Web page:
On Thanksgiving, a devastated Scott goes to Laura and Neal's house to see Charlie one last time. Charlie, desperate to help Scott realize how important he is to the children of the world, shows him a magical snow globe (a gift from Bernard), convincing Scott that he really is Santa. When Laura and Neal allow Scott a minute to talk to Charlie alone, Bernard appears and transports father and son to the North Pole. Thinking Scott has kidnapped Charlie, Laura and Neal call the police.

Scott sets out to deliver gifts with Charlie in tow. Upon arriving at Laura and Neal's home, Scott is arrested inside the house while Charlie waits for him in the sleigh. The elves eventually break him out of jail. Scott returns Charlie to his house and insists he spend Christmas Eve with Laura and Neal. His heartfelt speech to Charlie about the importance of everyone in the family convinces Laura and Neal that he is Santa. Laura burns the court documents suspending Scott's visitation rights, and tells him he can visit anytime. According to Bernard, any time Charlie shakes his snow globe, his father will appear. Before leaving, Scott gives Laura and Neal the two presents that they never got as children, which caused their disbelief in Santa. His takeoff from the roof proves his identity to the police and various witnesses outside the house. After Scott leaves, Charlie summons him back with the snow globe, and Laura agrees to let them go together in the sleigh to finish delivering the presents.



The script was written on spec by Steve Rudnick and Leo Benvenuti.[5] In November 1992, it was announced Hollywood Pictures had acquired the script as a potential starring vehicle for Tim Allen.[5]

The film was shot at Raleigh Studios in Hollywood, California,[6] and on location in the Greater Toronto Area, with Oakville serving as the city of Lakeside, Illinois. The reindeer used in the film were all from the Toronto Zoo. The trains used in the North Pole scene and the start of the film were all made by LGB.[7]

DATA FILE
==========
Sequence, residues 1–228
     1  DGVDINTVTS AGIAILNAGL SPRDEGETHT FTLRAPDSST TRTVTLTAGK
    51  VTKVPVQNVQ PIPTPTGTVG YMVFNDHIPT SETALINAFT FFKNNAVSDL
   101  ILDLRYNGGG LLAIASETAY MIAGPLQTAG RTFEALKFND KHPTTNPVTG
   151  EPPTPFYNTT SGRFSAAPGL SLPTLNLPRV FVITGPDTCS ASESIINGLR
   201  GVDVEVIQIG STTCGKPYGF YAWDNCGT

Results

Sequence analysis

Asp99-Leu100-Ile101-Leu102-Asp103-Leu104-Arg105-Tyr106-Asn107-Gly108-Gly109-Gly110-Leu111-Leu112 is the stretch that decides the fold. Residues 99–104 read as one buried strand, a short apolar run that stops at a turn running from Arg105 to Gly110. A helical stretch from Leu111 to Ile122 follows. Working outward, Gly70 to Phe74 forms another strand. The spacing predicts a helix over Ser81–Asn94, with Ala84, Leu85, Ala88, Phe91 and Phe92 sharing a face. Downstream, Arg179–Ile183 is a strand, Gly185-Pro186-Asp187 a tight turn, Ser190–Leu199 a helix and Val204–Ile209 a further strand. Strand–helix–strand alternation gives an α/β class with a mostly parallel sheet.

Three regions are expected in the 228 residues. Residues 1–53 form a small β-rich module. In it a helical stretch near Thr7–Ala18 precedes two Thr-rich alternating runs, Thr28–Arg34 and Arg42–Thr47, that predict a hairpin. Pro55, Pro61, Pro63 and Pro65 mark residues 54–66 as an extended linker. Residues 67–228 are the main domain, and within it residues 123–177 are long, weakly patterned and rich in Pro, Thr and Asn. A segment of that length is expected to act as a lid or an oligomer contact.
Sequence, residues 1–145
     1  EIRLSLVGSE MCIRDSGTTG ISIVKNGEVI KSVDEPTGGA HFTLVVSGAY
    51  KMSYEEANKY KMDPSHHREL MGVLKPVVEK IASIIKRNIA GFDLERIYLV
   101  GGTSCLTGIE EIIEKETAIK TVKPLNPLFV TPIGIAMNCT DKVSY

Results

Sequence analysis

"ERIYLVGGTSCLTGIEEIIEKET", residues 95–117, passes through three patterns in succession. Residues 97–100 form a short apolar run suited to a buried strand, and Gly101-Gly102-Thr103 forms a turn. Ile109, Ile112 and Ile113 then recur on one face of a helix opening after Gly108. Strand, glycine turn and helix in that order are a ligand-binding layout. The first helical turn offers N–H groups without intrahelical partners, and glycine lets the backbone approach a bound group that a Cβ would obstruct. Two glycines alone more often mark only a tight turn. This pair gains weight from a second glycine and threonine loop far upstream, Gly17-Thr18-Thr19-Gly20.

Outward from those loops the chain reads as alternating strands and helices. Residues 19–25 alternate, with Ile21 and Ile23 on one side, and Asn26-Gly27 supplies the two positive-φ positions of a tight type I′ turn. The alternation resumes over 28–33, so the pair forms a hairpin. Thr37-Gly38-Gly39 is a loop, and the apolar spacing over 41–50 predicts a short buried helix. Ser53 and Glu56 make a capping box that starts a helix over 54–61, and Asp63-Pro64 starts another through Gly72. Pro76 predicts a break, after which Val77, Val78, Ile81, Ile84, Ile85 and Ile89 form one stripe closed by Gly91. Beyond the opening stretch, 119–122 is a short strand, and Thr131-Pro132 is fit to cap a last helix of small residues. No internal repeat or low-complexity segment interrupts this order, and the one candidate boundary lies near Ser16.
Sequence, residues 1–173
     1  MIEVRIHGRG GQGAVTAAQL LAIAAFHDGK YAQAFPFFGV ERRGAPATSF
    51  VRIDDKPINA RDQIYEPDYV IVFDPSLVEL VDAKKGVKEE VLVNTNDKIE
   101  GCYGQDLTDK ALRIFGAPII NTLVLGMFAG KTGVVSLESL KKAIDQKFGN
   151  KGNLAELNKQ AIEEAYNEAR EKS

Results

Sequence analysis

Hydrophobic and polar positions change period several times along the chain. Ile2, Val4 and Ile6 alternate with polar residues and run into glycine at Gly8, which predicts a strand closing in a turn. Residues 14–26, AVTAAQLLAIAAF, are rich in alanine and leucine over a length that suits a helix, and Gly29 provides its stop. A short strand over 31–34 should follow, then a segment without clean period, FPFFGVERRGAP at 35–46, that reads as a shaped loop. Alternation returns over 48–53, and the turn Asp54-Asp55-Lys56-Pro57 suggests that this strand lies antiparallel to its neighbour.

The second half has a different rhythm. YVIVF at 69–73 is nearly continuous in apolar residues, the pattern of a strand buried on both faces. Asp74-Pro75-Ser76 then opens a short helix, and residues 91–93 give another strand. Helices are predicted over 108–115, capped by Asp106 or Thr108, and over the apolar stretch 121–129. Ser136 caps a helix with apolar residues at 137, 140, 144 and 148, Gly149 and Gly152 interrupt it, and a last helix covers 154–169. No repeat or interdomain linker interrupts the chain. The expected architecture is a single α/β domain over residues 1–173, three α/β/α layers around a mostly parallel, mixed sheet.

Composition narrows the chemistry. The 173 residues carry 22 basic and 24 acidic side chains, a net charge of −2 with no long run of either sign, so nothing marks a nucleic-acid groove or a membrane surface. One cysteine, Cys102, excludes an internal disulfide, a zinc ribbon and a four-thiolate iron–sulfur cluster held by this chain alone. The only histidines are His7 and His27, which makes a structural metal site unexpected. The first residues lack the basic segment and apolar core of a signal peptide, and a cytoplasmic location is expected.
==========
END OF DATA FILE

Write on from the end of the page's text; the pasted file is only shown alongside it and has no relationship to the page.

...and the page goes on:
Bill Murray and Chevy Chase[8] were offered the role of Scott Calvin, but both turned it down; Chase declined due to scheduling conflicts, and Murray did not want to do another holiday-themed movie after doing Scrooged. Tom Selleck, Robin Williams, Tom Hanks, and Mel Gibson were also considered for the role. Jeff Daniels, Stanley Tucci and Bradley Whitford were considered for the role of Neal Miller. Patricia Richardson, Patricia Clarkson, Patricia Heaton, and Kate Burton were considered for the role of Laura Miller.[9][10]


Box office[edit]

The Santa Clause grossed $145.3 million in the United States and Canada, and $45 million in other territories, for a worldwide, total of $190.3 million.[11]

The film grossed $19.3 million in its opening weekend, finishing second at the US box office behind Interview with the Vampire which opened with $36 million.[12][13] In its second weekend it grossed $17.1 million, finishing third. Over the three-day Thanksgiving frame it then made $20.4 million.[14] In November 2020, with the COVID-19 pandemic limiting new releases, The Santa Clause was re-released into 1,581 theaters and grossed $711,000.[15][16]

Freeform and AMC have played the film on television during the holiday season with record ratings.[17]

Critical response[edit]

On Rotten Tomatoes, the film holds an approval rating of 73% based on 59 reviews, with an average rating of 5.9/10. The website's critics consensus reads: "The Santa Clause is utterly undemanding, but it's firmly rooted in the sort of good old-fashioned holiday spirit missing from too many modern yuletide films."[18] On Metacritic the film has a weighted average score of 57 out of 100, based on reviews from 13 critics, indicating "mixed or average reviews".[19] Audiences surveyed by CinemaScore gave the film an average grade "A−" on scale of A+ to F.[20]

Sandi Davis of The Oklahoman ended up placing the film sixth overall on her list of the best films of 1994.[21]

Home media[edit]

The Santa Clause was released on VHS and LaserDisc on October 25, 1995.[22]